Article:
Roses-The Nations Favourite Flowers

Roses are the nations favourite flowers. This may, in part, be because there are so many different types that there is one to suit every situation.

Species Roses are the original ancesters of all our modern hybrid Roses. They tend to be large, only to flower once a year and have a restricted number of colours and flower types. However, they do not grow suckers. All other roses have been created by growers and are hybrids. They can be grown as bushes or standards and many varieties of climbing and rambling roses are available. Small, ground hugging roses can also be bought. There are known as Patio roses . Standard Roses are simply bush roses which have been grafted onto a small tree to give them a long stem.You can also buy ‘weeping standards’ which are rambler roses grafted onto a long stem. These look much less formal in a mixed border in a small garden than its more formal cousin, the standard rose.

It is sometimes difficult to choose roses, given the wide variety of colours and shapes of the flowers along with the variety of types. However, always consider where you are putting it, how large it will grow amd what it will eventually look like, before coming to a decision.

Unlike many other shrubs, roses should always be planted a little lower than they grew in the nursery , about 1 in (2.5cm)  will do. However, the grafting point should always be below ground. The reason for planting it lower is to encourage growth of new shots below ground. If you are planting in Autumn, they should be pruned back hard immediately after planting. This ensures they do not suffer wind damage during winter and that they put all their energy in establishing a good root system. Always keep all newly planted  roses watered throughout their first year, then ensure their root system does not become too dry.

Suckers are shoots which have grown from the original root below where your hybrid rose has been grafted. If you have suckers, then they should be removed as soon as possible, since they are usually stronger than the hybrid and will take over the plant. Remove by digging down a little towards the root and pull off the sucker. If you cannot pull it off, the cut it off as near to the root as possible.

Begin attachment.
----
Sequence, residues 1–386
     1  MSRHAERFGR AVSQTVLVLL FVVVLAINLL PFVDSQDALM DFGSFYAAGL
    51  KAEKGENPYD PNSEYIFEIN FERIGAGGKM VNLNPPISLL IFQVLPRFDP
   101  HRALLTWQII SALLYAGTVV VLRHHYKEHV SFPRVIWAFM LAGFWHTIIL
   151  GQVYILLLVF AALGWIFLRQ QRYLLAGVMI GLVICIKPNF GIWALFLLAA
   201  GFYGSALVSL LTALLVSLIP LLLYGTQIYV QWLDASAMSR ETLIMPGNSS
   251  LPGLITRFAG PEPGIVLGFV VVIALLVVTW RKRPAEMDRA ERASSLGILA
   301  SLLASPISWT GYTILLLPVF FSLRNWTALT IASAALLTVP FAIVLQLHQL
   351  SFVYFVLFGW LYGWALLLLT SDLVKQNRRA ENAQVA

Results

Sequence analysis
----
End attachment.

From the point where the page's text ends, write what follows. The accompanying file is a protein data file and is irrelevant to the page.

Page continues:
Pruning on hybrid bush roses is carried out every year in early spring just before the bush rose start to grow. This is so that you can assess the amount of damage caused by frosts and cut it out. The principle of pruning is that the harrder you prune, the more vigorously the shoot will grow. So, get into the habit of cutting back weak shoots further than the strong ones.  Bush standards are pruned just like ordinary hybrids whilst weeping standards are pruned after flowering, just cutting out very old, diseased or overcrowded wood.

Dead-heading Roses (removing dead flower heads)  particularly continuous flowering varieties will ensure a supply of blooms through summer and autumn and often into early winter. Some varieties are grown for their spectacular hips, so of course, you do not dead head these.

Roses have their own particular pests and disease, mainly blackspot, mildew and greenfly.  Mildew shows itself as a mealy, pale grey coating on leaves, bud, flowers and young shoots. This results in yellowing and general lack of vigour. It is worse when the roots are dry. It thrives in cool damp and humid conditions, so ensure your roses are not overcrowded and are not being overwatered. Mulching will also help keep it at bay. Remove and burn any leaves showing signs of the disease and if it is persistant  you could spray with a copper fungacide.

Greenfly are aphids. They suck the sap from your roses causing distortion and particularly attack the young growing tips. Greenfly excrete sticky honeydew on which sooty mould can grow, and transmit virus diseases. There are a number of predators, such as ladybirds and hoverflies, which eat greenfly by the thousand, so the trick is to attract these into your garden. You can grow French Marigolds (Tagetes) close to your Roses to attract these. You can also rub the greenfly off with your fingers (they feel sticky) or you can spray them off with a powerful jet of water. You could also use insectorcidal soap but since the soap only lasts a day, it seems to me to be a treatment which introduces  foreign material into your garden a bit unnecessarily.

Black Spot on roses is a fungus. It starts as a small black spot and merges into large dead areas.which drop out and leaves may wither and die. If your roses become infected with black spot, then ensure that they are not too overcrowded. Remove infected parts of the plant and burn them. Spray the rest of the plant with dispersible sulpher if the infection is really bad. Hard Pruning in autumn will kill off any remaining overwintering spores. Burn all the prunings.

Roses are beautiful flowers to grow and, provided you look after them, are usually free from pests and diseases  and will give years of pleasure. . Every garden deserves at least one.